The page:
Look to the stars Thursday and you might just see something extra special.
Staring up at the sky can be a magical experience, taking in the vast universe and the stars above us. And on Thursday night, Americans could see something extra memorable: what an AccuWeather meteorologist has called a “unicorn meteor storm.”
The alpha Monocerotid meteor shower is predicted to turn into a meteor storm on Thursday night, in what could be the first such storm since 1995, AccuWeather reported. The last time this happened, it produced rates of about 400 meteors per hour — a stunning show in the sky — according to the American Meteor Society (AMS).
This shower, predicted by meteor scientists Esko Lyytinen and Peter Jenniskens, will peak around 11:50 p.m. EST, according to the AMS and AccuWeather.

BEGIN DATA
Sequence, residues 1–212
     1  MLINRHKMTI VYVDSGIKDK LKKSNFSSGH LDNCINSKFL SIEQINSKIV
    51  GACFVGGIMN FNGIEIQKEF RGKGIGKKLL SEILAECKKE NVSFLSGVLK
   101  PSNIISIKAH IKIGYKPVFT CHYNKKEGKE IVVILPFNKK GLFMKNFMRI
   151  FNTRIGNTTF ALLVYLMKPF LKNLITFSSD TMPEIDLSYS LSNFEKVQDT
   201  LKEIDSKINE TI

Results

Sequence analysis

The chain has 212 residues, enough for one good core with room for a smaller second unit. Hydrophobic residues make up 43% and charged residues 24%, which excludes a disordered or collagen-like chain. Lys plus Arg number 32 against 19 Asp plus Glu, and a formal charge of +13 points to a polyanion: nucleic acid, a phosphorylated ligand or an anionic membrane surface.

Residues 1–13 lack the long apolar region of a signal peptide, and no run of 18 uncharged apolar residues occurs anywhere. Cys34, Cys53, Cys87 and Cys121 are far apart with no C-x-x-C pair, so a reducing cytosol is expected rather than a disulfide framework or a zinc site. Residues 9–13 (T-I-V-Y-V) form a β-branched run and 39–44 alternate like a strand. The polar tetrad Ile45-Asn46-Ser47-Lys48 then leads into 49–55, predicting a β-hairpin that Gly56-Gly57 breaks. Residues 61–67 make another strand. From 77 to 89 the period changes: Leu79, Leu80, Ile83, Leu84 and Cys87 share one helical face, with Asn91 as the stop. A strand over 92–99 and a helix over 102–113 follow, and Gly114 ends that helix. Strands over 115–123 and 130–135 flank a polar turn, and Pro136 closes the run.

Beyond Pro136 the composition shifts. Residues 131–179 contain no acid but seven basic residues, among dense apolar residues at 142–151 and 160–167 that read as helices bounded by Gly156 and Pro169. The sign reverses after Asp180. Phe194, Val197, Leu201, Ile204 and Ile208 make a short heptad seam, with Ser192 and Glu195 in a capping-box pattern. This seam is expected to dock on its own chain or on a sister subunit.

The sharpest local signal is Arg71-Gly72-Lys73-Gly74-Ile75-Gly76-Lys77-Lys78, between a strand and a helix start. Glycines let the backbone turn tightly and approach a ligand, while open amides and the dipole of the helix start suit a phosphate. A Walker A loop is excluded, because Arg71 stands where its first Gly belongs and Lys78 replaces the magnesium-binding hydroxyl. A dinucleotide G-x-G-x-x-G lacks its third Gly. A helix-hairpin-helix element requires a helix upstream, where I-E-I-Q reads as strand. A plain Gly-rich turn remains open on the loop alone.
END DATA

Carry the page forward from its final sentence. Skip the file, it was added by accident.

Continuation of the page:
Stargazers in Florida and along the southeastern coast up through North Carolina, as well as those in California and states including North Dakota, South Dakota, Montana and parts of Idaho have the best chances to see the storm, according to AccuWeather.
“Unlike most meteor outbursts which last for several hours, strong activity from the alpha Monocertids is over within an hour and easily missed,” the AMS wrote, adding that it is “not a certain event.”
“These meteors are never spaced evenly but appear in bunches so 2-3 meteors may be seen seconds apart and then an entire minute could go by without any activity,” the AMS added. “This is still far and away extraordinary activity and should be monitored.”
A meteor shower is caused when the Earth passes through a field of asteroid or comet debris, according to AccuWeather, while a meteor storm occurs when the dust trail is smaller and dense, causing the hundreds or thousands of meteors to burn up quickly.
If you miss this meteor storm, there are still plenty of ways to take stargazing to the next level, including going horseback riding in Chile’s Atacama Desert or settling down in the Grand Canyon, an official International Dark Sky Park.
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